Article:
26 January 2020
Chief Executive Carrie Lam (center) and some of her principal officials attend a community dialogue session at Queen Elizabeth Stadium in Wan Chai on Sept. 26. Photo: Bloomberg
Chief Executive Carrie Lam (center) and some of her principal officials attend a community dialogue session at Queen Elizabeth Stadium in Wan Chai on Sept. 26. Photo: Bloomberg

Govt set to hold next round of community dialogue after DC race

In late September, Chief Executive Carrie Lam Cheng Yuet-ngor, along with some of her principal officials, conducted the first of her community dialogue sessions with members of the public at the Queen Elizabeth Stadium in Wan Chai. Since then, she has stopped holding any similar event.

Instead, over the past one month or so, the chief executive has been sending her bureau chiefs to engage young people, predominantly those born in the 1980s and 1990s, in “in-depth” and closed-door conversations on multiple occasions.

Things have gone quite well with these closed-door sessions, during which the principal officials remained humble and open to the views of the young people.

But Secretary for Home Affairs Lau Kong-wah has dropped a bombshell, revealing that he and the chief executive had met with members of the “valiant protesters”, i.e., frontline protesters who have involved in violent clashes with the police.

The news has stunned the pro-establishment camp, which immediately lashed out at the administration for holding secret dialogues with radical protesters.

As a result, the chief executive herself had to come forward and clarify that the administration didn’t engage in conversation with the “valiants”.

So what’s the real deal? Why the conflicting accounts?

The administration did meet with groups of young people behind closed doors in October.

This intriguing case of “mistaken identity” not only indicates that horizontal communication on the top levels of government is very poor, but also reflects that there is actually a huge gap between our top leaders’ definition of “valiant protesters” and that of the general public.

The government has stressed a number of times that it would not ask about young people’s political stance before engaging them in a dialogue. There is nothing wrong with that; screening doesn’t satisfy the principle of honest communication.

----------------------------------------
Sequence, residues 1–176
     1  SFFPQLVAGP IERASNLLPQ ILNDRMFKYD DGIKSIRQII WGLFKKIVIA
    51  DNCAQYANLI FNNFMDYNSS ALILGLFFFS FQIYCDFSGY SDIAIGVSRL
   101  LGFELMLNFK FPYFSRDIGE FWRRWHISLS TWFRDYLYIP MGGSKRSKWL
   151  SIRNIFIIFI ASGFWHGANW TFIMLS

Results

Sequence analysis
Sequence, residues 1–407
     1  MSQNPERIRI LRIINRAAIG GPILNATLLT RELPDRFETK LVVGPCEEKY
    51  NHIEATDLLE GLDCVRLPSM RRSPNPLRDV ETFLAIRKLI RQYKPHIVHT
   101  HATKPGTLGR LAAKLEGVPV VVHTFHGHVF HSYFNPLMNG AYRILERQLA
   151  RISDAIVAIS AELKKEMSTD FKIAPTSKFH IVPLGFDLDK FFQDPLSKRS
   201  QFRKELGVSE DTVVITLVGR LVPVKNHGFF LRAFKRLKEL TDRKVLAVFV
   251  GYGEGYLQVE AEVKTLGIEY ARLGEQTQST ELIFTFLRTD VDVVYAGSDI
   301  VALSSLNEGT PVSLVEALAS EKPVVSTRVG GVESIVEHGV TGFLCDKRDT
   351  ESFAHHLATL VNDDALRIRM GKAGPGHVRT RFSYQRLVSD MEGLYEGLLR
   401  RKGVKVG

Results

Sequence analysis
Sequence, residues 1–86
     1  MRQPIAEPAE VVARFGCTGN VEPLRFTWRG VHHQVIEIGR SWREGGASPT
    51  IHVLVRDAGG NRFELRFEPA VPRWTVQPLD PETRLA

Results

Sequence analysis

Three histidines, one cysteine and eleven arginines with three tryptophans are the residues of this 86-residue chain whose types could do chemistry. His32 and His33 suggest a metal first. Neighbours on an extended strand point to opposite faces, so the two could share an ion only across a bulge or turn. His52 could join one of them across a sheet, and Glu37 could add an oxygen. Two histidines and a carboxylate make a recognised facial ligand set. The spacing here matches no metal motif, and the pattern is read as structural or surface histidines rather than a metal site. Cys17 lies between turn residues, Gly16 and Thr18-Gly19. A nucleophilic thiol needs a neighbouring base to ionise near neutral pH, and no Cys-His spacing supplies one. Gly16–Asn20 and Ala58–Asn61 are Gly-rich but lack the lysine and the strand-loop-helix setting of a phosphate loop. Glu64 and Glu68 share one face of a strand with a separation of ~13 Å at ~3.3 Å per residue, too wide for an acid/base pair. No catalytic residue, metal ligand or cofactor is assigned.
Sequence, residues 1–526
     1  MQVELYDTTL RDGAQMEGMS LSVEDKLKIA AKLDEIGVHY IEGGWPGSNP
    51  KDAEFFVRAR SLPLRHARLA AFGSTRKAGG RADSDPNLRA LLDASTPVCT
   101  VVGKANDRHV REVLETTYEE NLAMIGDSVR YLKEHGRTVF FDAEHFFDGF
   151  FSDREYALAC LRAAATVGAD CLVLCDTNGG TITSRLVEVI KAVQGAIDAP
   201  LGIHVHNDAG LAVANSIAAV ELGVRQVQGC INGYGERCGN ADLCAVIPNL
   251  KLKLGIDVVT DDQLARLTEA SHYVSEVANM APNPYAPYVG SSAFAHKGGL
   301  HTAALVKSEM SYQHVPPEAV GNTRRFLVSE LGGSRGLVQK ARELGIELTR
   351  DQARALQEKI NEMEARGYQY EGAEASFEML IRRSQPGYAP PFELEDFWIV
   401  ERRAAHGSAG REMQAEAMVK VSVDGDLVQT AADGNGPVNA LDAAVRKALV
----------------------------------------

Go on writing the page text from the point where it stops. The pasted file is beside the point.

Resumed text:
But if our government officials weren’t even clear about where the young people they met are sitting on the political spectrum, and mistook the young people they met, who were actually peaceful, rational and non-violent protesters, for “valiant protesters”, despite a few hours of “in-depth” conversation with them, this would inevitably cast doubts on whether these closed-door meetings are truly efficacious and meaningful.

There is also a concern that such meetings with young people could result in misjudgment within the government about the state of affairs in our city.

But even so, it is said that the government is planning to have two types of dialogue events going on at the same time holding more closed-door meetings with young people in the coming days while preparing for the next community dialogue session that is open to the public and the media.

On Tuesday, Acting Chief Executive Matthew Cheung Kin-chung told the press before attending the Executive Council meeting that the administration would focus on planning the next round of open dialogue after the District Council elections, which are scheduled for Nov. 24.

A day earlier, President Xi Jinping met with Lam, who was attending the second China International Import Expo in Shanghai. Xi told Lam, among different things, that effective efforts should be made in work, including holding dialogues with all sectors of the society and improving the people’s livelihood.

A government source has revealed that the authorities are now shortlisting venues for the next community dialogue session, with Queen Elizabeth Stadium once again being on the list.

The stadium is a likely choice because of its geographical advantage, the source said. It is not close to any residential neighborhood, which means even if serious clashes between protesters and the police break out, the impact on local residents can be minimized.

The most that can be done is to shut down the schools nearby, the source added.

Meanwhile, another government figure said bluntly that listening to citizens’ views and “sorting out the thread” of these views are only the first step.

In order to win the hearts and minds of our young people, expressing care and concern for them may be more important than just having a dialogue with them, the person said.

This article appeared in the Hong Kong Economic Journal on Nov 2

Translation by Alan Lee with additional reporting

[Chinese version 中文版]

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Columnist of Hong Kong Economic Journal.